Blogs: The Skeptics

Boltonism: A Terrible Negotiating Strategy toward North Korea

What George Washington Can Teach Donald Trump

The Skeptics

Even the most outrageous events have lost their power to shock Washington. Saudi Arabia’s crown prince—a supposed reformer who jails opponents, shakes down wealthy countrymen and prolifically kills civilians in an aggressive war—claimed that Jared Kushner, the president’s son-in-law, was “in his pocket.” Indeed, Kushner supposedly turned over the names of the de facto Saudi ruler’s critics, who were later arrested and jailed.

That’s not treason, exactly. But it is shameful, disgusting and grotesque—and, if true, should result in Kushner’s defenestration from any position of responsibility in the Trump administration. There is no obvious personal financial interest at stake, though questions have been raised whether he supported Riyadh’s blockade against Qatar because the latter refused to provide financial support for his real-estate firm. More likely, his stance reflects an unseemly friendliness toward a particular dictator, a warped belief that the two governments are uniquely linked.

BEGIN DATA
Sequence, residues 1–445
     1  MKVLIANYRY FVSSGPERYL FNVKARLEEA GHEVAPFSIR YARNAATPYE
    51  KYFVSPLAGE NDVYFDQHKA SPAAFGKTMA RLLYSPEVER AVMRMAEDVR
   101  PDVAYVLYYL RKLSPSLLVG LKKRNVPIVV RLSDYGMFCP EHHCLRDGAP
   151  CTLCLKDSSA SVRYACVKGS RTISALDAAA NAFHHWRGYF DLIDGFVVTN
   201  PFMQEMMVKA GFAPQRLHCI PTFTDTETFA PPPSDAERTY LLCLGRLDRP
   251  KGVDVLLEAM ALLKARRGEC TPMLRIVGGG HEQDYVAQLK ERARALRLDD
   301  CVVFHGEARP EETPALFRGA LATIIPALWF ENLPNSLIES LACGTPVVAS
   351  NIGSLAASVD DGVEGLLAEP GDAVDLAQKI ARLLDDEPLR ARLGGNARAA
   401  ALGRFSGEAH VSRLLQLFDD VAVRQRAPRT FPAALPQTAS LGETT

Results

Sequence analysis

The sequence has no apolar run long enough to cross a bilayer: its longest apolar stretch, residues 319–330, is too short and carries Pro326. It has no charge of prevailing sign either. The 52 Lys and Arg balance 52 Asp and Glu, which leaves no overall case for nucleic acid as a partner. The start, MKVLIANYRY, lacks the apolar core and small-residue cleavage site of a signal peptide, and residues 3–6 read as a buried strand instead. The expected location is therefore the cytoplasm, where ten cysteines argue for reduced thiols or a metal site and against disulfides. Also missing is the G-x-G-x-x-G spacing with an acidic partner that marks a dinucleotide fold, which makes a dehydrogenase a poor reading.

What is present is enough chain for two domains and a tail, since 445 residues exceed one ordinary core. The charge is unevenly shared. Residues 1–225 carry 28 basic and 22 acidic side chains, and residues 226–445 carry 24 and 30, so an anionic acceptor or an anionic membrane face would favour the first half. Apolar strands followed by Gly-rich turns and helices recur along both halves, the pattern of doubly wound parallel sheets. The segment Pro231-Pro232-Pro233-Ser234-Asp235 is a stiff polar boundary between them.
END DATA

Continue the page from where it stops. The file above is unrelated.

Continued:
Which actually is more dangerous than personal corruption.

It is a danger about which outgoing President George Washington warned in his 1796 farewell address. His words reflected the highly volatile and hostile politics of his day. And his advice obviously reflected America’s relatively weak international power position.